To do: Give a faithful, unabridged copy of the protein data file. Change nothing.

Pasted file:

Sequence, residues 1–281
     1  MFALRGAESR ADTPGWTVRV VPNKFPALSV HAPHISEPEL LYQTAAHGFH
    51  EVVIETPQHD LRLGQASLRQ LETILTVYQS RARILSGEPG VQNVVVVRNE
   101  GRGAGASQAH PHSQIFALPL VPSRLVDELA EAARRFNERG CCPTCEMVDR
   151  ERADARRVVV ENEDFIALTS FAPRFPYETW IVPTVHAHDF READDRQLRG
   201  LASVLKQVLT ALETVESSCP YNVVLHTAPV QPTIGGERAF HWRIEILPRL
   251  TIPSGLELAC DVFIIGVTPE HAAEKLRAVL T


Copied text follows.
Sequence, residues 1–281
     1  MFALRGAESR ADTPGWTVRV VPNKFPALSV HAPHISEPEL LYQTAAHGFH
    51  EVVIETPQHD LRLGQASLRQ LETILTVYQS RARILSGEPG VQNVVVVRNE
   101  GRGAGASQAH PHSQIFALPL VPSRLVDELA EAARRFNERG CCPTCEMVDR
   151  ERADARRVVV ENEDFIALTS FAPRFPYETW IVPTVHAHDF READDRQLRG
   201  LASVLKQVLT ALETVESSCP YNVVLHTAPV QPTIGGERAF HWRIEILPRL
   251  TIPSGLELAC DVFIIGVTPE HAAEKLRAVL T